Banner Of Light And Messages From The Dead

"The Banner of Light," a weekly journal of romance, literature, and

general intelligence, published in Boston, is the principal organ of

spiritualism in this country. Its "general intelligence" is rather

questionable, though there is no doubt about its being a "journal of

romance," strongly tinctured with humbug and imposture. It has a

"Message Department," the proprietors of the paper claiming that "each

message in th
s department of the "Banner" was spoken by the spirit

whose name it bears, through the instrumentality of Mrs. J. H. Conant,

while in an abnormal condition called the trance."

I give a few specimens of these "messages." Thus, for instance,

discourseth the Ghost of Lolley:

"How do? Don't know me, do you? Know George Lolley? [Yes. How do

you do?] I'm first rate. I'm dead; ain't you afraid of me? You know

I was familiar with those sort of things, so I wasn't frightened to


"Well, won't you say to the folks that I'm all right, and happy?

that I didn't suffer a great deal, had a pretty severe wound, got

over that all right; went out from Petersburg. I was in the battle

before Petersburg; got my discharge from there. Remember me kindly

to Mr. Lord.

"Well, tell 'em as soon as I get the wheels a little greased up and

in running order I'll come back with the good things, as I said I

would, George W. Lolley. Good-bye."

Immediately after a "message" from the spirit of John Morgan, the

guerrilla, came one from Charles Talbot, who began as follows with a

curious apostrophe to his predecessor:

"Hi-yah! old grisly. It's lucky for you I didn't get in ahead of


"I am Charlie Talbot, of Chambersburg, Pa. Was wounded in action,

captured by the Rebels, and 'died on their hands' as they say of

the horse."

It seems a little rude for one "spirit" to term another "Old Grisly;"

but such may be the style of compliment prevailing in the spirit-world.

Here is what Brother Klink said:

"John Klink, of the Twenty-fifth South Carolina. I want to open

communication with Thomas Lefar, Charleston, S. C. I am deucedly

ignorant about this coming back--dead railroad--business. It's new

business to me, as I suppose it will be to some of you when you

travel this way. Say I will do the best I can to communicate with

my friends, if they will give me an opportunity. I desire Mr. Lefar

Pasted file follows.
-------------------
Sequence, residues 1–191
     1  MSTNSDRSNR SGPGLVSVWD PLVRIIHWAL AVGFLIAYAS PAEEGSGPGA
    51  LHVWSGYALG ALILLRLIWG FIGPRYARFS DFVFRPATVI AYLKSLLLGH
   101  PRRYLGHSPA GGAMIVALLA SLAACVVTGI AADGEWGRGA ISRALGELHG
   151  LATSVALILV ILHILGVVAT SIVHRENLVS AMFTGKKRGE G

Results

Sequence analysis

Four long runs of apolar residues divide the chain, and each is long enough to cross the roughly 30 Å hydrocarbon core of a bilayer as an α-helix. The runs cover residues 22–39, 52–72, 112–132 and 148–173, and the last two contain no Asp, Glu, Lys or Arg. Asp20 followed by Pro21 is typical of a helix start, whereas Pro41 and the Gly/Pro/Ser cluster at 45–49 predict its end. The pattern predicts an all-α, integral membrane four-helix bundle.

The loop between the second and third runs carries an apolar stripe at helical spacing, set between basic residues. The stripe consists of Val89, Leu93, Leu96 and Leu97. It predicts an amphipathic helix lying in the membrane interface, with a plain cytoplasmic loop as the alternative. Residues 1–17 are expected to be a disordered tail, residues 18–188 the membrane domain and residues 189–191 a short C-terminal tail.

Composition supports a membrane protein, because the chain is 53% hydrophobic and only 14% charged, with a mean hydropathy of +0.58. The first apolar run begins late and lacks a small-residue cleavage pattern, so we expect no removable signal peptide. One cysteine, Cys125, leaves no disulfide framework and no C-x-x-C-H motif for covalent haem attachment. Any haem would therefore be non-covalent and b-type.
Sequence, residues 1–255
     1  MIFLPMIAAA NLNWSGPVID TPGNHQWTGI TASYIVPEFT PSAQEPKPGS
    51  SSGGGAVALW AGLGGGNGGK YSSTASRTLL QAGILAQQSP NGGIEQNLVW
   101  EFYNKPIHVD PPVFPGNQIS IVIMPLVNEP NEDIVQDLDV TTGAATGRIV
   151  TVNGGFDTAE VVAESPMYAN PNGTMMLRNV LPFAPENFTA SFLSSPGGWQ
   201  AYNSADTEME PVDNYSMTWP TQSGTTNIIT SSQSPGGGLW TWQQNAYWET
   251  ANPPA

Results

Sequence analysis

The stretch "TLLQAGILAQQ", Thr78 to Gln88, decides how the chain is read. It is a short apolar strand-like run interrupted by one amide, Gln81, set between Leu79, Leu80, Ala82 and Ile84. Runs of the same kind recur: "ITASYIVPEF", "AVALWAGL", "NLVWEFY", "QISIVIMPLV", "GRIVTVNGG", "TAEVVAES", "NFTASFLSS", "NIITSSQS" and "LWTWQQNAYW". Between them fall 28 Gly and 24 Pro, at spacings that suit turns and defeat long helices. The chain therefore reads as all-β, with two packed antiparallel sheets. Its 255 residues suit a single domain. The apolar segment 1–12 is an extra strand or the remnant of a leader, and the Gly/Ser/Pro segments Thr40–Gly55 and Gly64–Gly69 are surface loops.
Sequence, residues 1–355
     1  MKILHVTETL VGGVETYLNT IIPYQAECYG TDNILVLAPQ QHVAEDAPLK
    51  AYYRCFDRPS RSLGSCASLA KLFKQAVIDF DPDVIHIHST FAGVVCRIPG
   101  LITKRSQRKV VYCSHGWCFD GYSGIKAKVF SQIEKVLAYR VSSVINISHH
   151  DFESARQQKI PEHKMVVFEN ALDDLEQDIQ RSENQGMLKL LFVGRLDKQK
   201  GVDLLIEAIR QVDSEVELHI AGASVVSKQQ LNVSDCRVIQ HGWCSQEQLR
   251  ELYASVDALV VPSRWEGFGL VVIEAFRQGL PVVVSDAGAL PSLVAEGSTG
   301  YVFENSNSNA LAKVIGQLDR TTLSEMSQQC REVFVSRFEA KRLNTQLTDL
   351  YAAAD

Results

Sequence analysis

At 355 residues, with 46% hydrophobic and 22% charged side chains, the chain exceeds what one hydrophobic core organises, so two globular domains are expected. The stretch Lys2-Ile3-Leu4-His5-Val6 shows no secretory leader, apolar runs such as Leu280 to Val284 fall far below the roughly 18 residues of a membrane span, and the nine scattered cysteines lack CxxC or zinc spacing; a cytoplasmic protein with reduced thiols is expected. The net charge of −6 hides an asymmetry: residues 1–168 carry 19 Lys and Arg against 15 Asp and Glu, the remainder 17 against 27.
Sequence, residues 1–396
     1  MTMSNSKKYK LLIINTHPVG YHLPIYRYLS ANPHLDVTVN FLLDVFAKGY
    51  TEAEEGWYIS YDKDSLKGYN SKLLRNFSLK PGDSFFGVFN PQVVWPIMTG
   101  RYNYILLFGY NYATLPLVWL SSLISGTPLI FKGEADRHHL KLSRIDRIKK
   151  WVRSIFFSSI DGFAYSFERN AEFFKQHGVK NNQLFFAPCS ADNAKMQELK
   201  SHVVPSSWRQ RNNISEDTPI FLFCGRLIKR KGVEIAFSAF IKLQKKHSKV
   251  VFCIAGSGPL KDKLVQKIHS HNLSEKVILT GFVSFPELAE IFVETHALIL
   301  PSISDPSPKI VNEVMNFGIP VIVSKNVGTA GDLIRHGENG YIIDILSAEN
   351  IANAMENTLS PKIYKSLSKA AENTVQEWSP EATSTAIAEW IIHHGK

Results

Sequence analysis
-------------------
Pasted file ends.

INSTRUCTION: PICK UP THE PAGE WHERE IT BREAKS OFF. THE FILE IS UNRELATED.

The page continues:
to send my letter to my family when he receives it--he knows where

they are--and then report to this office.

"Good night, afternoon or morning, I don't know which. I walked out

at Petersburg."

Here is a message from George W. Gage, with some of the questions which

he answered:

"[How do you like your new home?] First rate. I likes--heigho!--I

likes to come here, for they clears all the truck away before you

get round, and fix up so you can talk right off. [Wasn't you a

medium?] No, Sir; I wasn't afraid, though; nor my mother ain't,

either. Oh, I knew about it; I knew before I come to die, about it.

My mother told me about it. I knew I'd be a woman when I come here,

too. [Did you?] Yes, sir; my mother told me, and said I musn't be

afraid. Oh, I don't likes that, but I likes to come.

"I forgot, Sir; my mother's deaf, and always had to holler. That

gentleman says folks ain't deaf here."

The observable points are first that he seems to have excused his

"hollering" by the habits consequent upon his mother's deafness. The

"hollering" consisted of unusually heavy thumping, I suppose. But the

second point is of far greater interest. George intimates that he has

changed his "sect," and become a woman! For this important alteration

his good mother had prepared his mind. This style of thing will not seem

so strange if we consider that some men become old women before they


Here is another case of feminification and restitution combined. Hans

Von Vleet has become a vrow--what you may call a female Dutchman! It has

always been claimed that women are purer and better than men; and

accordingly we see that as soon as Hans became a woman he insisted on